|Players||Two players alternating|
|Followed By||Super Astro Fighter|
Astro Fighter was a bottom of the screen shooter arcade game where the player faced a multitude of enemies that behaved differently, making the game fairly unique when it was released. If a player allowed one or more ships to get past them, they would have to start the wave over, but with their ship bumped up a notch on the screen, having less time to react to enemies’ attacks.
Along with enemy ships moving in certain patterns, they also fired diagonal and vertical shots at the player. Comets would also appear throughout the game, traveling straight down the screen, from top to bottom. Being hit by anything would destroy the player’s ship, and the game would end once there were no reserve ships remaining or if the player ran out of fuel, as their fuel was constantly depleting.
At the end of each level, a GS ship would appear, which, if destroyed, would refill the player’s fuel tank, then the game would start over with the first set of enemy ships again.
- Blue ships–20 points
- Purple ships–30 points
- Green ships–40 points
- Yellow ships–50 points
- Comets–60 points
- GS ship–300 points, then 700 on the second level
- Extra ship--depended on setting (usually 3,000 or 5,000 points)
The first wave of enemies the player faces are blue ships that stay in a small formation, moving from side to side, then occasionally dropping down a notch. The second wave of ships are purple, which behave in pretty much the same manner, although their formation covers a much wider area, spanning across almost the entire width of the entire screen.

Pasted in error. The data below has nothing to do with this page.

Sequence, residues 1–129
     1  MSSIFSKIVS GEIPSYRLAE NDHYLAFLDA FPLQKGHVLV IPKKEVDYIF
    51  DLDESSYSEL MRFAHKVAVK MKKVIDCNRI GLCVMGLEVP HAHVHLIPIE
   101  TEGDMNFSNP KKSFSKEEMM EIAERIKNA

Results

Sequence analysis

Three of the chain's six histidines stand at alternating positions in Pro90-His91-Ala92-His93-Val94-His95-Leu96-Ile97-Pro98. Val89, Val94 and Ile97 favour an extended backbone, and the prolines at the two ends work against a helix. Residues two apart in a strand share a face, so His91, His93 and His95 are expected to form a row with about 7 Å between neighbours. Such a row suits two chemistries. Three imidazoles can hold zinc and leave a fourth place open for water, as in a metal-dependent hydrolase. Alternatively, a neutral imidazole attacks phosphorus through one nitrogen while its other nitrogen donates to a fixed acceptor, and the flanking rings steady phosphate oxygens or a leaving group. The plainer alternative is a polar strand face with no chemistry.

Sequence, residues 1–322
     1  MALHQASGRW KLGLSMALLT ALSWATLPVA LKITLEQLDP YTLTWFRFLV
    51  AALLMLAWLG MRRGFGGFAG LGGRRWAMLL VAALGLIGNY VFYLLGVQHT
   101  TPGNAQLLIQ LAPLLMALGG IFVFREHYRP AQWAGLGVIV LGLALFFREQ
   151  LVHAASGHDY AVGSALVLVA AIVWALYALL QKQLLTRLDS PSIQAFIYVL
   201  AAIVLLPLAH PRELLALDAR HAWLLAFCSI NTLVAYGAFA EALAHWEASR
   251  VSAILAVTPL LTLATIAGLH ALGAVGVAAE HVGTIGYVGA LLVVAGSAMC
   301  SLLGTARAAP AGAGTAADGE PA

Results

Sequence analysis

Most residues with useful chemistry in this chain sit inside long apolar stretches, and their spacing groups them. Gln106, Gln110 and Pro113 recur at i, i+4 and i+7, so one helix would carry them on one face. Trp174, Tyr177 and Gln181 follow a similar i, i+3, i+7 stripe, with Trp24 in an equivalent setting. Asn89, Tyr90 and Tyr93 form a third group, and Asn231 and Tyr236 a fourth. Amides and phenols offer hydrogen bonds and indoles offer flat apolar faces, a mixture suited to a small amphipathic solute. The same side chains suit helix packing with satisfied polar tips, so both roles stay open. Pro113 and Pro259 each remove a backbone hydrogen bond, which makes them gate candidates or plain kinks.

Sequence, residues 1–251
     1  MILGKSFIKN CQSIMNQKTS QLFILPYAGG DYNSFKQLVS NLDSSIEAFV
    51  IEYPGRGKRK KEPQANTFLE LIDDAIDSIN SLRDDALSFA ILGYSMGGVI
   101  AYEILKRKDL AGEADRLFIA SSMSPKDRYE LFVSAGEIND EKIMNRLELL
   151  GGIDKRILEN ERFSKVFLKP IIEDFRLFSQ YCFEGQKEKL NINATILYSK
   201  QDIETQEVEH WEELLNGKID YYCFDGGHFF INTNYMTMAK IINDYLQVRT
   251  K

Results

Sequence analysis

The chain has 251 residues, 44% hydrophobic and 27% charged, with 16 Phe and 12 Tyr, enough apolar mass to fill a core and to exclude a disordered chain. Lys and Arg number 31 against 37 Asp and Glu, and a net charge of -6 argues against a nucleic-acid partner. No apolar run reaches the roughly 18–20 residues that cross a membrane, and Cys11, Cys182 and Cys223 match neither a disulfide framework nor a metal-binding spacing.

The green ships afterwards (which somewhat resemble T. I. E. Fighters from the Star Wars movies) fly at a diagonal, reverse direction, then fly at a diagonal again, and the final round of yellow ships only occupy a few vertical rows that move straight down.
At the very end of each level is the GS ship, which is at the top of the screen and moves from side to side.
- For some reason, the left/right buttons on the game did not respond well. This was intentional.
- The game had a write-up in the 1981 book of How to Master the Video Games (which mentions the above problem with the controls).
- A sequel of Super Astro Fighter was also released.